I have to agree with your comments on the pi4 being overkill for most use cases with HA. Even with my pi3b+, normal activity never had what I would call major issues. The web pages were generally a bit slower to load, but it’s not like I spend all day browsing my HA server, LOL. It was fast enough. For certain, if I had to process my ip cameras on my pi, I’d probably feel that even a pi4 isn’t enough. However, I bought an older Dell desktop for $200 to do all my VMS work with blue iris, so my HA pi sits idling most of the time.
For me the ‘do or die’ reason I upgraded to a pi4 was kind of silly really; to get esphome to compile reliably on the pi. The 3b+ would occasionally have issues with low ram when compiling; it would crash, and have to be power cycled to get it going again. That never happens on my pi4. That said, I could have persevered at setting up esphome compilation on my desktop instead (almost got that working, but I personally stumbled on some configs in PIO and couldn’t find the right help to get me through it… perhaps better docs here might save the world of a few wasted pi4’s).
So, should everyone get a pi4? Nah… maybe if you run your vms with HA, then maybe you need a full scale CPU anyways… or if you get annoyed with esphome compiling issues and you don’t want to work around that by compiling on a desktop, then yeah. Those are 2 commons reasons I could think of to reason having more than a pi3b+… and I’m sure there are other use cases that warrant more… but I think for the majority of use ‘non-advanced’ use cases a pi3 is plenty.
Matter of fact, if I ever do get esphome compiling on my desktop (any help appreciated ), I’d take that pi4 and use it to upgrade my retropie right away.
This was exactly what I was looking for, thanks @truglodite!
Are you referring to the USB Config stick that is used to import network settings? That doesn’t need to remain once the settings have been imported to the system.
Agreed @cogneato. However there was something that seemed to be related to having the old USB drive in place that once caused my former configuration with the Eluteng mSATA adapter and SSD drive to work. I don’t know if it was a timing issue involved with reading the USB drive or a drop back to an older protocol to support the old USB stick or what, but having the USB drive present seemed to enable my system, at least in the past, to boot from my mSATA. Can’t explain it, but that’s what I observed. Really wish I could get the mSATA solution to work on my RPi3b+
Looks like Pi4 USB boot is now out in beta… https://tynick.com/blog/05-22-2020/raspberry-pi-4-boot-from-usb/
Now as the USB boot is in beta, is there a way back to normal Installation?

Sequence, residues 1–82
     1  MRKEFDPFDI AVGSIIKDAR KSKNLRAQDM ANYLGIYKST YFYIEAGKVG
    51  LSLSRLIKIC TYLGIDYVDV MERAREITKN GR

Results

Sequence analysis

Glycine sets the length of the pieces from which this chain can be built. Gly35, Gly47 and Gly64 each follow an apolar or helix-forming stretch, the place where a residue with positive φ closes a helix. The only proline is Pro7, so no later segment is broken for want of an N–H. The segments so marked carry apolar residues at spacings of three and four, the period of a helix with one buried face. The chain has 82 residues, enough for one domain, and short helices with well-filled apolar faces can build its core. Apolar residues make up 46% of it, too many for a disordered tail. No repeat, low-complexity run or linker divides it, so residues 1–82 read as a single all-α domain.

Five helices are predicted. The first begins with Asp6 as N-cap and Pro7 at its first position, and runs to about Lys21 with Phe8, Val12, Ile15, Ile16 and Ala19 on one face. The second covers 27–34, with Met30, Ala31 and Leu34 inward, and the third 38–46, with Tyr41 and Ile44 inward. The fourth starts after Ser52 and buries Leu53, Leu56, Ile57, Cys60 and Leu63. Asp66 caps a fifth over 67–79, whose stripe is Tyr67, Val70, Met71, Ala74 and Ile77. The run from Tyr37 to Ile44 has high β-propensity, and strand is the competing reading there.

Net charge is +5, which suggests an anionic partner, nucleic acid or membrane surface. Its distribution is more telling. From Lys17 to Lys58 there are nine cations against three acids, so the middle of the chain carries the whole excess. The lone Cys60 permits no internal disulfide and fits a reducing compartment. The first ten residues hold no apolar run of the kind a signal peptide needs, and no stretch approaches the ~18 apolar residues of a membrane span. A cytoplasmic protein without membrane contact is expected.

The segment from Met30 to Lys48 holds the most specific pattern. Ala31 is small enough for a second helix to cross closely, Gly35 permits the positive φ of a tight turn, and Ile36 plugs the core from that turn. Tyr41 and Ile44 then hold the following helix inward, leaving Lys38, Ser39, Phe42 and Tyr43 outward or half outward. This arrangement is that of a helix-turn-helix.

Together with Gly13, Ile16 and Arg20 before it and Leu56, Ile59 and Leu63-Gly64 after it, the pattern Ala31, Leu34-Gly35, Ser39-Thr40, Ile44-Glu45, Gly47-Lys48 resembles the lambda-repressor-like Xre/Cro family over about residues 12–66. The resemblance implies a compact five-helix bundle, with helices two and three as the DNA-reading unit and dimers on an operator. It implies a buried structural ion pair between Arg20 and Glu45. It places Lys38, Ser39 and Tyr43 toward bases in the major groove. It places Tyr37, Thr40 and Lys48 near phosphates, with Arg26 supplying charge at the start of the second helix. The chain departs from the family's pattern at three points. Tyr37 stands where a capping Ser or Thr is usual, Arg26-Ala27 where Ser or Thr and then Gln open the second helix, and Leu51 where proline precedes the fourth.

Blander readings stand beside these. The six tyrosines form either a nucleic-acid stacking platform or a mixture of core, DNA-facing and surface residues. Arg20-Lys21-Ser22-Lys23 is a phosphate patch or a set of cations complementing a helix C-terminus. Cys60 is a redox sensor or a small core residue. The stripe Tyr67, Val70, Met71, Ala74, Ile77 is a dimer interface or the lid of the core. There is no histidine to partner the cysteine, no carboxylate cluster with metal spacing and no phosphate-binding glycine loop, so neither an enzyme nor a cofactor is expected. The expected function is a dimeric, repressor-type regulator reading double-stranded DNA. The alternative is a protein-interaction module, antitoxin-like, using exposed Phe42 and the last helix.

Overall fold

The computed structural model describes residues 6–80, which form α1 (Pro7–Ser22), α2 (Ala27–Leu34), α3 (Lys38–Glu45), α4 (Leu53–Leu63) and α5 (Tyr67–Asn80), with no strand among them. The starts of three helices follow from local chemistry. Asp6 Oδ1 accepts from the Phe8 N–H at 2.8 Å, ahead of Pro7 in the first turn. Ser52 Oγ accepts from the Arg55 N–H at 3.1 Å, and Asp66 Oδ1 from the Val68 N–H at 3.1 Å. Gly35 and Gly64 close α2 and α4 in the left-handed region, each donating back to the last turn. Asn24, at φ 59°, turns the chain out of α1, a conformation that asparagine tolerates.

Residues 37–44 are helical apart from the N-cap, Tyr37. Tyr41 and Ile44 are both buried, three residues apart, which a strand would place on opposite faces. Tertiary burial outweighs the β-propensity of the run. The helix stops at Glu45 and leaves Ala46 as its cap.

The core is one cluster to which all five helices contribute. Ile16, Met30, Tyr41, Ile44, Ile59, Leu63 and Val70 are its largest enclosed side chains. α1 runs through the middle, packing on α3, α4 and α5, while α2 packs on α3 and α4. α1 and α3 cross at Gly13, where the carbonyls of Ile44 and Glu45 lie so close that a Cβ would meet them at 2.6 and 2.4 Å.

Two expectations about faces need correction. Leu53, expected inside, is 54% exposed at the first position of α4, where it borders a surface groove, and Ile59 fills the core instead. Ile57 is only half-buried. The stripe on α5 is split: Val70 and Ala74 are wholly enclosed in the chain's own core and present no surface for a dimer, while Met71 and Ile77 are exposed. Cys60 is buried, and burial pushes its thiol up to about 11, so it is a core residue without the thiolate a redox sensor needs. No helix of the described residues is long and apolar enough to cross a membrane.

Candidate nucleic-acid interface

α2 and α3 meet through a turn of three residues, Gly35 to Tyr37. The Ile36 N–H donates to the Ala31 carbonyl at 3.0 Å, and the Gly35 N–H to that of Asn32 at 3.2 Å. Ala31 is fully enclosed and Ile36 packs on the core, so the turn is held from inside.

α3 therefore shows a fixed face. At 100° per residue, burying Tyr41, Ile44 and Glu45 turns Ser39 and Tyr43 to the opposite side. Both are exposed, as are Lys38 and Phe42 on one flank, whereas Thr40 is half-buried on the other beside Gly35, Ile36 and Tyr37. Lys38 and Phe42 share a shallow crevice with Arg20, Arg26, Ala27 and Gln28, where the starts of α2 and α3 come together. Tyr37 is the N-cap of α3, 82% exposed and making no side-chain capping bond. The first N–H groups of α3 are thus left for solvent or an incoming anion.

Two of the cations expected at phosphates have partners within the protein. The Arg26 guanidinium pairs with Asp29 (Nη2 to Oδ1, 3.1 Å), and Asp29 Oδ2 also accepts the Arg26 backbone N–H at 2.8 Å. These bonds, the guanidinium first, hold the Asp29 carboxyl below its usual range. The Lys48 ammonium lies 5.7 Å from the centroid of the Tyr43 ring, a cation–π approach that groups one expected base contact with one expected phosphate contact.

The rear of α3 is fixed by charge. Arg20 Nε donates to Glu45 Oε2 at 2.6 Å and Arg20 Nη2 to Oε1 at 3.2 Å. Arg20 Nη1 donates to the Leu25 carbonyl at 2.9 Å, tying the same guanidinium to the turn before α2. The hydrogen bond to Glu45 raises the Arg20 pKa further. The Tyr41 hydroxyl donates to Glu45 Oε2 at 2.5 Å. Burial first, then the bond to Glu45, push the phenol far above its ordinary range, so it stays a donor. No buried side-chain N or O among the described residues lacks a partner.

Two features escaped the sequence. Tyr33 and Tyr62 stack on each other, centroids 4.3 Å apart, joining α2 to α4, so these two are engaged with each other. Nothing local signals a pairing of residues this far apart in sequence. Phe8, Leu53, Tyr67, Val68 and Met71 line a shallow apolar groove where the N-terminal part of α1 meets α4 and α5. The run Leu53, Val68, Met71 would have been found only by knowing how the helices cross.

Is it possible to shrink the filesystem on the SSD back and copy it to the SD card to make a complete clone of it on SSD?
When usb boot for pi4 is released, I plan on reinstalling hassos from scratch and restoring a snapshot. My guess is the official install method for usb boot with pi4 will be flashing the image to ssd using etcher, etc… and they probably wouldn’t add anything that breaks restoring snapshots along the way. So I am pretty confident this method will end up working well.
You are taking snapshots right? … and you have tested that they restore correctly? I have, and snapshots are working fine with the 'sd+ssd’s method. Don’t take backups for granted, especially if this isn’t a new system and there are many hours worth of configuration work to lose… never know what/when something might take out your drive.
Yes, I do.
No, not until now. But I think it is the time to do it.
I will look into a Howto to see how a snapshot is restored and what it all restores! Thank you, I also think that this is the better way.
New 5.4.42 Kernel is out!!! Time to try the SSD boot again on RPi4.
Since I have direct boot from SSD working on my RPi4 on Raspbian 5.4.42 kernel, I am pretty sure this should now be working on Home Assistant with 5.4.42.
EDIT: No joy. Still not working even with new 5.4.42 kernel.
So, with with HassOS rel 4 being now officially out (and after a successful update on my RPi4), has anyone tried the “move the data partition” feature in HassOS rel 4 yet? Any good guides available anywhere?
Of course the full SSD boot option would be an even better solution but I would be happy with boot partition being in SD and everything else being in SSD as well.
Answering to myself, the instructions seem to be here:
Time to invest on a suitable USB SSD adapter and a hard drive then :).
Did you found the datactl command? I’ve upgraded to hassos 4.8 but
datactl is not available.
Same issue here. I SSH into port 22222 as root. Tried to execute datactl command, but returns
ha > datactl Error: unknown command "datactl" for "ha" Run 'ha --help' for usage. FATA Error while executing rootCmd: unknown command "datactl